DOD is the largest customer in the nation’s personal property moving and storage industry—accounting for about 15% of all moves (about 400,000 shipments a year). U.S. Transportation Command (TRANSCOM) manages the DOD program.
DOD proposed putting a single commercial move manager in charge of moving and storage, in part to address customer complaints.
TRANSCOM plans to award a multi-year contract, and determine, in the contract’s third year, the number and cost of the DOD oversight personnel needed.
We made 3 recommendations, including that TRANSCOM develop a process to track data during the first 3 years of the contract to inform its manpower study.
A person moving boxes onto a moving truck
What GAO Found
The U.S. Transportation Command (TRANSCOM) has developed cost estimates to assess the cost implications of adjusting the Defense Personal Property Program (DP3), its program to move and store servicemembers' household goods, to incorporate a single move manager approach through the Global Household Goods Contract. However, TRANSCOM may not have accurately calculated some Department of Defense (DOD) costs because of unanswered questions about how tasks related to counseling servicemembers and overseeing contractor performance will be performed. DOD plans to conduct a manpower study in the third year of the contract to determine the number and cost of government personnel required to perform these tasks. However, TRANSCOM does not have a process in place to track data over the initial years of the contract to inform its manpower study, such as the number and associated cost of military service personnel needed to perform contract oversight. We have reported that organizations should determine their personnel requirements by identifying the minimum number and type of personnel needed to fulfill their missions, functions, and tasks by conducting a workforce analysis. Without a way to track key data, DOD risks conducting a manpower study that would result in less than a full understanding of the personnel and cost implications of the move to the Global Household Goods Contract.
TRANSCOM has developed performance metrics for assessing some, but not all, DP3 activities. For example, TRANSCOM has developed indicators for assessing contractor performance, including the timeliness of household goods deliveries under the Global Household Goods Contract. However, TRANSCOM has not developed metrics for other activities that DOD personnel will continue to perform at least partially once the contract is in place, such as servicemember counseling. Further, TRANSCOM has not articulated how existing metrics link to TRANSCOM's program goals that relate to servicemembers' household goods movement and storage experience (see fig.).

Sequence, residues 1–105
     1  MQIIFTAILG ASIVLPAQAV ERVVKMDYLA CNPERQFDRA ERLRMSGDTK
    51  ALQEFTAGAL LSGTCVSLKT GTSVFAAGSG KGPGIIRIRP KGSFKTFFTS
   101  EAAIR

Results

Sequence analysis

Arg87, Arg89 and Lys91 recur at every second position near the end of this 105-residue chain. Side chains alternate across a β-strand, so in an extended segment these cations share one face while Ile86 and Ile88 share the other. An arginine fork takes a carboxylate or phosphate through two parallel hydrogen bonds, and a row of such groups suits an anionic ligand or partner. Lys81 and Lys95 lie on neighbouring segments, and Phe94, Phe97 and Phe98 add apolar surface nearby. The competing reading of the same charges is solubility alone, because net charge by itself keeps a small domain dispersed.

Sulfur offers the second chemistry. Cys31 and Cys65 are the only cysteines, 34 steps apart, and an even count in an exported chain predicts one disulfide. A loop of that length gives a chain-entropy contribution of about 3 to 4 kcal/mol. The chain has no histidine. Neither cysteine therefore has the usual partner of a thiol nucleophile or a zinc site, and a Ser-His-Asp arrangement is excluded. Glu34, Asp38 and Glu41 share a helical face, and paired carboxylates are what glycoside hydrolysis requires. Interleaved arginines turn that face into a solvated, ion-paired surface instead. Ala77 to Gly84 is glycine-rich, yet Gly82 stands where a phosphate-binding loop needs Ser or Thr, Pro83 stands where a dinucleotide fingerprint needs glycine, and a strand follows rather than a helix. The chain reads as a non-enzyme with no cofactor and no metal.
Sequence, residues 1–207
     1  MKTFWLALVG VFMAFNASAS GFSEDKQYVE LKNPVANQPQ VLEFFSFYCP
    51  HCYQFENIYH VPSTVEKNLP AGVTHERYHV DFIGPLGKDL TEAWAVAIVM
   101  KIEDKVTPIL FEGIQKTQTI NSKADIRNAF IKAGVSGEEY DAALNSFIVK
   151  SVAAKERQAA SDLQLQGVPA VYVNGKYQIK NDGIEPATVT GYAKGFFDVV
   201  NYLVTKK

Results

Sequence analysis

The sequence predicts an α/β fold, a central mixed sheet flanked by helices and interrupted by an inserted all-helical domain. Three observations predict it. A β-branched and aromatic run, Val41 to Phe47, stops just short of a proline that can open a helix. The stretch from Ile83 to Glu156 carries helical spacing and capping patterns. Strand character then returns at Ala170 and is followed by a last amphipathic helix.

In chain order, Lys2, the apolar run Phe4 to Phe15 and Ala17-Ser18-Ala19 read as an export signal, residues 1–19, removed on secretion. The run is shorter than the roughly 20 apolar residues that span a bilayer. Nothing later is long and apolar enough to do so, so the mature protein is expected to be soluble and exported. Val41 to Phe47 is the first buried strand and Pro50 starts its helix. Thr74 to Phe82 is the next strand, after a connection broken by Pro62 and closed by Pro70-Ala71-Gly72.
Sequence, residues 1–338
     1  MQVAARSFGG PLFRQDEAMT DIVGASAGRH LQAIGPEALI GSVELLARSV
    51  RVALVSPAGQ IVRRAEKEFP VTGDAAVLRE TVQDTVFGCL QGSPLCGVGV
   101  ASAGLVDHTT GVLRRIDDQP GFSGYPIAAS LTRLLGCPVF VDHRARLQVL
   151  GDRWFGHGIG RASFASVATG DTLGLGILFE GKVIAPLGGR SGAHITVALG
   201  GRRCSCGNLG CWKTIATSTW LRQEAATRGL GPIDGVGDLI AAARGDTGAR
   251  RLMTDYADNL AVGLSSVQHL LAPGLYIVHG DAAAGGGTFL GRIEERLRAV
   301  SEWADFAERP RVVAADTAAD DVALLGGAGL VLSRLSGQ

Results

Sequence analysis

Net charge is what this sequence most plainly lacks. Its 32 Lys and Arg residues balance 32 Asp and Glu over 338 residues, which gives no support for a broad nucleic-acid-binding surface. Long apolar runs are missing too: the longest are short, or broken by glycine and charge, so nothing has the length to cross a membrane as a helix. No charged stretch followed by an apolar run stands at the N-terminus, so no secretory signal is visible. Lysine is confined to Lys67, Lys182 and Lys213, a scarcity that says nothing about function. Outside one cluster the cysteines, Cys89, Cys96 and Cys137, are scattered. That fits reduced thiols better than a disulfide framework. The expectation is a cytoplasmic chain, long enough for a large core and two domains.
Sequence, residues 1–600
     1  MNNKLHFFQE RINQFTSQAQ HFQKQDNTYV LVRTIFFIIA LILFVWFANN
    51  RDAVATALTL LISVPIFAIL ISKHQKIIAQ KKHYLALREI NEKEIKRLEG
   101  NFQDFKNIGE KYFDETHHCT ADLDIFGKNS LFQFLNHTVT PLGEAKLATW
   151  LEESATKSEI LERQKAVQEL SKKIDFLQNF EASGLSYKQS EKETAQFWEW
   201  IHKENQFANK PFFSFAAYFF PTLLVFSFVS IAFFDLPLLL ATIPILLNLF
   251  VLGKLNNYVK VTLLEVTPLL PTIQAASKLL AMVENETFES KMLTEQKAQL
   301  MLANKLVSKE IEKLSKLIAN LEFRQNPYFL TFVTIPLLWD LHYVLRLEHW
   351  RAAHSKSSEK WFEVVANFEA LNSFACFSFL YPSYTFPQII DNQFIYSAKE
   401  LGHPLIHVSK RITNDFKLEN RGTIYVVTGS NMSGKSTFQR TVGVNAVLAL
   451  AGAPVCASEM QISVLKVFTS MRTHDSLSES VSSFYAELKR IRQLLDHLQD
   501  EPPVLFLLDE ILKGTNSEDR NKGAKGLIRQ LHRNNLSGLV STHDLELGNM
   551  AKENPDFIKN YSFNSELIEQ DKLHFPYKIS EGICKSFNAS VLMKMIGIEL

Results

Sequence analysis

Factors Impacting Servicemembers' Household Goods Movement and Storage Experience
Without developing performance metrics for all DP3 activities, and articulating the linkage between metrics and goals, TRANSCOM will have limited ability to assess whether a DP3 incorporating the new contract is an improved program for servicemembers.
Why GAO Did This Study
DOD, through its DP3, arranges for the movement and storage of about 400,000 personal property shipments of servicemembers and their families annually—40 percent of them during peak moving season. DOD has identified problems meeting peak season demand and addressing long-standing quality-of-service issues.
TRANSCOM announced that in April 2020 it would award a Global Household Goods Contract to a single commercial move manager to oversee DP3 activities that relate to the movement and storage-in-transit of household goods.
GAO was asked to evaluate matters related to DOD's plans to implement the Global Household Goods Contract. GAO assessed the extent to which TRANSCOM has (1) determined the cost implications of moving to a DP3 that incorporates the Global Household Goods Contract and (2) developed metrics to assess program activities and that relate to overarching DP3 goals. GAO evaluated TRANSCOM's cost estimates against the GAO Cost Estimating and Assessment Guide and a DOD business case analysis against GAO's Assessment Methodology for Economic Analysis.
GAO makes three recommendations–that DOD collect and track data to more precisely determine DP3's manpower needs and costs, develop performance metrics for DP3 activities not part of the contract, and articulate the linkage between performance metrics and program goals. DOD concurred with all three GAO recommendations.
Recommendations for Executive Action
|Office of the Secretary of Defense||1. The Secretary of Defense, in coordination with the Chairman of the Joint Chiefs of Staff, should ensure that the TRANSCOM Commander, in coordination with the military services and the Coast Guard, develop a process for tracking data during the first 3 years of the Global Household Goods Contract to inform its planned manpower study during the third year of the contract to more precisely determine DP3 manpower needs and associated costs. (Recommendation 1)|
|Office of the Secretary of Defense||2. The Secretary of Defense, in coordination with the Chairman of the Joint Chiefs of Staff, should ensure that the TRANSCOM Commander develop performance metrics for those DP3 activities that will not be a part of the Global Household Goods Contract, such as servicemember counseling and claims resolution that will, at least in part, continue to be performed by the military services. (Recommendation 2)|
|Office of the Secretary of Defense||3. The Secretary of Defense, in coordination with the Chairman of the Joint Chiefs of Staff, should ensure that the TRANSCOM Commander articulate the linkage, where appropriate, between DP3 performance metrics, including Global Household Goods Contract performance indicators, and overarching program goals. (Recommendation 3)|